Education Minister Mike Bernier says he's "disappointed" that the Vancouver board of education refused to balance its budget on Wednesday (June 29).
“Our offer was a simple one—we gave them the go-ahead to sell Kingsgate Mall and put the proceeds back into education services," Bernier said in a statement on the B.C. government website. "We backed that up with a guarantee of almost $6 million in exchange for a small ownership share in the mall if the sale does not happen in the next school year. Either option would have made sure the budget was balanced in Vancouver."
Bernier also claimed that the board was investing $37 million annually in "empty seats", which is a reference to the 84.6 percent utilization rate in schools.
The province has demanded that Vancouver boost utilization to 95 percent in order to receive funding for seismic upgrades.
Under the School Act, boards of education are required to balance the budget by today (June 30).
Trustees have opposed selling a capital asset, Kingsgate Mall, to cover the operating budget. The mall generates about $750,000 per year.
A Vancouver school board statement noted that the province's proposal "did not include any more provincial funding".
The board's senior management team had projected a $21.8-million shortfall for 2016-17. More than 92 pecent of the board's revenue comes from provincial operating grants. The management team noted that 82.7 percent of expense go to "instruction-related functions", 13.1 percent to "building operations and maintenance", 3.1 percent to "district administration", and 1.1 percent to "transportation and other functions".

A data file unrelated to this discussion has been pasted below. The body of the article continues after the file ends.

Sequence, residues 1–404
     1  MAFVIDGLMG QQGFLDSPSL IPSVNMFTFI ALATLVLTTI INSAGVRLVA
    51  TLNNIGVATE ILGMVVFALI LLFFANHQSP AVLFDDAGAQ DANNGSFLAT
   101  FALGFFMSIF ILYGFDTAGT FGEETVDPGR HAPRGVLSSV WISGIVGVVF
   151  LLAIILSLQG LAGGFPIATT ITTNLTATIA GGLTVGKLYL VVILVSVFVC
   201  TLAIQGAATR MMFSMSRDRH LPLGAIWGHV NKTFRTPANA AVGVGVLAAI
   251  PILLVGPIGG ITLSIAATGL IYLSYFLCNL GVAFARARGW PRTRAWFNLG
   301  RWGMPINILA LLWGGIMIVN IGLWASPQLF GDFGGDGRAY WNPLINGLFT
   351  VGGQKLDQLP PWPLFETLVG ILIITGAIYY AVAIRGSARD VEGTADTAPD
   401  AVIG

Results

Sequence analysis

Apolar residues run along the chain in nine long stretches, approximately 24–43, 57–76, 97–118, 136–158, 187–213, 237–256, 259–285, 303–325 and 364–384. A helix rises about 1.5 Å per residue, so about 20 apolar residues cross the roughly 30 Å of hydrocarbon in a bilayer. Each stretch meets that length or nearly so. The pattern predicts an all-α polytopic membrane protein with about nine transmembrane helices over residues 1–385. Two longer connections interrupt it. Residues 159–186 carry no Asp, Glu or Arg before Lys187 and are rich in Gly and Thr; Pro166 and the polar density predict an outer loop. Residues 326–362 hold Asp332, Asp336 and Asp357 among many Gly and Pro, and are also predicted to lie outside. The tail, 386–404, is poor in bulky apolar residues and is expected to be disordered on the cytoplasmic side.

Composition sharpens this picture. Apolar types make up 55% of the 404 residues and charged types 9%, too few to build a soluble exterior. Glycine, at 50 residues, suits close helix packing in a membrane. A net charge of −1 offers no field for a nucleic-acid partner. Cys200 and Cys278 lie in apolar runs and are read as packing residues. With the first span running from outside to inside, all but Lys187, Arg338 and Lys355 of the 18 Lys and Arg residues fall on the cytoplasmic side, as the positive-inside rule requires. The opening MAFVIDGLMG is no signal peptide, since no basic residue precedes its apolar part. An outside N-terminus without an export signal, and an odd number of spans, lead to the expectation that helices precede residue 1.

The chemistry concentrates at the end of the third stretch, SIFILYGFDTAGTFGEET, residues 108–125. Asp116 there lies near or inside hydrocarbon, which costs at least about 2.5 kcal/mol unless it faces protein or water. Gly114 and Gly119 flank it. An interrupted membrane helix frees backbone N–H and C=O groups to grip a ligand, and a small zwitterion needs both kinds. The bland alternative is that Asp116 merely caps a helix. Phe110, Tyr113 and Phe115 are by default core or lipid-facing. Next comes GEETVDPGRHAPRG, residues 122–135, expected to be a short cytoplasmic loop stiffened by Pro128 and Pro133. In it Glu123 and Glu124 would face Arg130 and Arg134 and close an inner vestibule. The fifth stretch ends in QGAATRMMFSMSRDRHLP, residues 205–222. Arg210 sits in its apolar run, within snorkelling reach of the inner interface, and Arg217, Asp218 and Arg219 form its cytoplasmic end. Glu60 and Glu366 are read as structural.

Some trustees made their views known over Twitter, including the chair, Mike Lombardi.
Another Vision Vancouver trustee, Patti Bacchus, took aim at Advanced Education Minister Andrew Wilkinson for tweeting how "frustrating" it was to him that the board refused to balance the budget.
The last time the Vancouver trustees refused to balance the budget was in 1985. The Social Credit education minister at that time, Jack Heinrich, then fired the Coalition of Progressive Electors-controlled board and replaced it with a trustee.
In 1986, all nine COPE candidates were elected to the board, which indicated that the public supported the trustees' actions.